By Julie Matthews, Certified Nutrition Consultant and Autism Diet Specialist
Digestive issues are common in autism spectrum disorders, and fermented foods are a helpful dietary component for supporting and balancing the digestive system. In fact, beneficial bacteria in these foods support many body systems and processes through the body.
Studies by researchers: Horvath, Wakefield, Levy, and Kushak highlight a myriad of gut problems present in children with autism, including abnormal stool (diarrhea, constipation), intestinal inflammation, and reduced enzyme function. There are many causes for these imbalances—one of the most problematic is the use of antibiotics. While they kill off bad “bugs,” these lifesaving drugs also wipe out the good bacteria in the gut, which wreaks havoc on the entire digestive system. When the good bacteria are eliminated, pathogenic organisms can take hold, creating inflammation and inhibiting digestion that can result in malnutrition and food reactions.
Beneficial bacteria colonize the digestive tract and replenishing these probiotics is essential. However, most people (and particularly children) don’t eat enough of the foods that supply these beneficial bacteria and help them to thrive. Even though many consume yogurt and sauerkraut, these are usually commercial varieties that have been pasteurized and are devoid of good bacteria.
Good bacteria bolster health in many ways: they support digestive and elimination function, breakdown toxins and used substances, support immune function, and produce helpful compounds to support good health.
Digestion and Elimination
Good bacteria digest lactose and breakdown protein into amino acids. These bacteria regulate peristalsis and bowel movements. They also balance intestinal pH. Adequate levels of beneficial flora in mothers help infants establish good digestion, while preventing colic, diaper rash and gas.
Breakdown toxins and used substances
Beneficial bacteria break down harmful substances from the environment as well as substances our bodies produce that are “spent” or no longer necessary, such as bile acids and used hormones. Good bacteria break down the bacterial toxins created from harmful bacteria. They protect us against toxins like mercury, pesticides, and radiation.
Support the Immune System
Good bacteria produce antibiotic and antifungal substances that prevent colonization and growth of bad bacteria and yeast/fungus. Probiotics support the immune system and increase the number of immune cells. They have anti-tumor and anti-cancer properties. Probiotics also reduce inflammation and food reactions.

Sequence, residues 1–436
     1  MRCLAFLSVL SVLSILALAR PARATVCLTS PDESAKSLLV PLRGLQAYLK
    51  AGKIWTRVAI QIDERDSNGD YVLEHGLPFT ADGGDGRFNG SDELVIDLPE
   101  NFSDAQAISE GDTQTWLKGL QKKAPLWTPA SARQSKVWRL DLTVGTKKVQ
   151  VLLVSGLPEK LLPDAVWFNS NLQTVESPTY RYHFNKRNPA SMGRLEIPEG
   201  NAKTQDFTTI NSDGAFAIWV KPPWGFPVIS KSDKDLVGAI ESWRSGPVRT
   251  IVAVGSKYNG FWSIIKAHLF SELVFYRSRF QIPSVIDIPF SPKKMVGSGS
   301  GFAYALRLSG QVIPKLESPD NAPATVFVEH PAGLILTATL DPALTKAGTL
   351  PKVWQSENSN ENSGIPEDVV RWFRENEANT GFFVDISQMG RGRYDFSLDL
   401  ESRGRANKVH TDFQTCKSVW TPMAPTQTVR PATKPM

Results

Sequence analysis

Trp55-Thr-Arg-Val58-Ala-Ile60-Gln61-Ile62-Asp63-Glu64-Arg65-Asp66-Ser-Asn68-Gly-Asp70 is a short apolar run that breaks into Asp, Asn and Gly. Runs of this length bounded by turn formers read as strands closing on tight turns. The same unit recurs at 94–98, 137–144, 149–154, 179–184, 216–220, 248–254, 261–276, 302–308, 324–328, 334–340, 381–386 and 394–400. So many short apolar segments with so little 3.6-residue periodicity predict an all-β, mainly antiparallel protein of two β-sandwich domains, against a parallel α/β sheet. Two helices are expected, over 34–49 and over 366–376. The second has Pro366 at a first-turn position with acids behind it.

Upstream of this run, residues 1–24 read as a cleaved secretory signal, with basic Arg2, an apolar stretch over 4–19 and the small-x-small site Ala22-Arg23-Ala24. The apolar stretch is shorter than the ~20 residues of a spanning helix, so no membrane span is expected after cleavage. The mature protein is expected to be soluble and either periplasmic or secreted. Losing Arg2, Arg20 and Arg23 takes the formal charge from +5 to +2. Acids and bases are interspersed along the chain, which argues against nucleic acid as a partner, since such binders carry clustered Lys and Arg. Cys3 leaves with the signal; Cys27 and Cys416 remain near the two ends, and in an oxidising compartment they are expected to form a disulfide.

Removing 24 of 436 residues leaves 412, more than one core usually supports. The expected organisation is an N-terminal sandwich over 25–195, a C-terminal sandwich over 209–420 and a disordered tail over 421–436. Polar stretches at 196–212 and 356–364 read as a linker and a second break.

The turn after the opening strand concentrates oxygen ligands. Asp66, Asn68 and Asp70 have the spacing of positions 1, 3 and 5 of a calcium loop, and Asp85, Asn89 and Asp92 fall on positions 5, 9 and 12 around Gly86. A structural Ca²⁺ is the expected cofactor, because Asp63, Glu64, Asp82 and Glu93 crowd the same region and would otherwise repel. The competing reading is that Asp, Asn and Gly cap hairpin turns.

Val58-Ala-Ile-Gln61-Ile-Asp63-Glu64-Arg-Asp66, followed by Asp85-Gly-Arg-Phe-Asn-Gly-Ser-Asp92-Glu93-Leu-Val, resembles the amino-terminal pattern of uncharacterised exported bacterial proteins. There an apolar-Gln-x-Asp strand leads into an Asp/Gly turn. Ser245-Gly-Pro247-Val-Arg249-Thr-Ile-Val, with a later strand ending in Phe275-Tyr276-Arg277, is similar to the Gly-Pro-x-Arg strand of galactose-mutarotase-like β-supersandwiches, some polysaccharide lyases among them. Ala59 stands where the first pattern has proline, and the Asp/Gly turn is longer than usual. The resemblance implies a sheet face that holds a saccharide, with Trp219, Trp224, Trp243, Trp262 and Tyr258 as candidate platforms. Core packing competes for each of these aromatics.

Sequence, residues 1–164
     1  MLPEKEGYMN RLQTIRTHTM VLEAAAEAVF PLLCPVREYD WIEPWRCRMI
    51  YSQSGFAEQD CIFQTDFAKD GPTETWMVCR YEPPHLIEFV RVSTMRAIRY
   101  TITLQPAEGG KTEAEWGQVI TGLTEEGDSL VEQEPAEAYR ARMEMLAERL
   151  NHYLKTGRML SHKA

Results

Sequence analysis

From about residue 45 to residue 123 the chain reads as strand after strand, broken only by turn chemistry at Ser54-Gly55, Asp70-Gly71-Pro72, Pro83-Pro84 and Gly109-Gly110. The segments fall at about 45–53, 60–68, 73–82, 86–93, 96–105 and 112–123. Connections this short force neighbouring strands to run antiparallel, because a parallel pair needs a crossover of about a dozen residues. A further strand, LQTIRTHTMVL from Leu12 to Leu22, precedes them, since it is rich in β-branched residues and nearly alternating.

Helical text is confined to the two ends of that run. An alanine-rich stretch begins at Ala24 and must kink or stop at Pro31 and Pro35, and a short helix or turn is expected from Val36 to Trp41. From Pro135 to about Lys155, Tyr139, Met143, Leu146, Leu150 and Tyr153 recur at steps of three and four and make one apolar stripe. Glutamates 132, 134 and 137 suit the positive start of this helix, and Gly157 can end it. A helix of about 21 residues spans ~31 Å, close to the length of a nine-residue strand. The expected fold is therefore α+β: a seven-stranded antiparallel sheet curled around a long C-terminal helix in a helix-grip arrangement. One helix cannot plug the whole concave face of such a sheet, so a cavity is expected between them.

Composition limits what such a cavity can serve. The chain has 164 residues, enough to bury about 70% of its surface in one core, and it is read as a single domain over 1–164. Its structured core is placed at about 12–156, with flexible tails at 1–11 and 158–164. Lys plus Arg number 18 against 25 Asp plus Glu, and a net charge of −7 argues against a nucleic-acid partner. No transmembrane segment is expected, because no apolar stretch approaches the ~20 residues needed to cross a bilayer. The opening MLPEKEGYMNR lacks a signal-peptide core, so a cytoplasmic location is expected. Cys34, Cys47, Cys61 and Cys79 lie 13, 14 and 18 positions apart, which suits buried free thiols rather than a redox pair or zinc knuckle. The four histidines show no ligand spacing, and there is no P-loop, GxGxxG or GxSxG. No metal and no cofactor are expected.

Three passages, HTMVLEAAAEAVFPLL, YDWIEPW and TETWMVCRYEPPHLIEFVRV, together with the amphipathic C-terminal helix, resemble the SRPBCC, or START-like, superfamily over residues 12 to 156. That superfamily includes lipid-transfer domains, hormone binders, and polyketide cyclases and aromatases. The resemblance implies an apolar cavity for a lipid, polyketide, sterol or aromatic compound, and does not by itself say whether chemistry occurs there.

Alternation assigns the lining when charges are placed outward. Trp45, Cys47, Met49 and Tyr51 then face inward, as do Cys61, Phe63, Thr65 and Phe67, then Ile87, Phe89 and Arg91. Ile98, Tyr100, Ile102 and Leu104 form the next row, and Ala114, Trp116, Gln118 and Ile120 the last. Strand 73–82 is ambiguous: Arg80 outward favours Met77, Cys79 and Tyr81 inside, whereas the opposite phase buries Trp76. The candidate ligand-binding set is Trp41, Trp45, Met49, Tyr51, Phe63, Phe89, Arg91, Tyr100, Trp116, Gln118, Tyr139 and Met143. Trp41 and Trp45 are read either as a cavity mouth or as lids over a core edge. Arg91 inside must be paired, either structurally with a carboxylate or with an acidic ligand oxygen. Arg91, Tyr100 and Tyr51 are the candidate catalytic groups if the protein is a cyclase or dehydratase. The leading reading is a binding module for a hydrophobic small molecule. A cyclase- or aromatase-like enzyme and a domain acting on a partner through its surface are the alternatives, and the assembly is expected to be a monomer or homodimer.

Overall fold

Produce helpful compounds to support good health.
Good bacteria produce vitamins that our bodies need such as B vitamins, vitamin A, and vitamin K. Probiotics produce essential fatty acids, specifically short chain fatty acids, which support gut health. Probiotics promote healthy metabolism, and help normalize serum cholesterol and triglycerides.
Kid Friendly Fermented Foods
Live lacto-fermented foods such as yogurt contain these live bacteria that are so important for good digestion and health. Fermented foods can be either made from dairy or casein-free. Fermented foods include: yogurt and kefir, cultured vegetables such as raw sauerkraut and kim chee, non-dairy coconut kefir, non-dairy yogurt, and kombucha.
Some children love fermented foods right away, others need time to get used to the sour and “fermented” flavor qualities. They can be crispy and sour as with raw sauerkraut and other cultured vegetables, creamy as with yogurt, or sweet/sour and fizzy as with fermented beverages. Here are two favorites to make fermented foods more enjoyable.
Apple Kraut. Grate apple with a cheese/vegetable grater. Mix equal parts apple and raw sauerkraut. Serve as is, or add to a salad. It’s like a shredded fruit salad.
Smoothie. Add nut yogurt or young coconut kefir to a smoothie with fruit and other any other desired ingredients. A smoothie is an easy way to get fermented foods in.
For those with autism, for whom digestive challenges and nutrient deficiencies are commonplace, adding fermented foods to the diet is essential. It doesn’t matter which diet you following, these natural probiotics are a perfect boost.
Julie Matthews is a Certified Nutrition Consultant and Autism Diet Specialist, and author of Nourishing Hope for Autism. Visit: NourishingHope.com, and connect with her on Facebook and Twitter.
For More info read Julie’s article “Fermented Foods” on Healthful Living HERE.
Photocredit: “a full jar holds almost two pounds” by fishermansdaughter on flickr. May 4, 2011.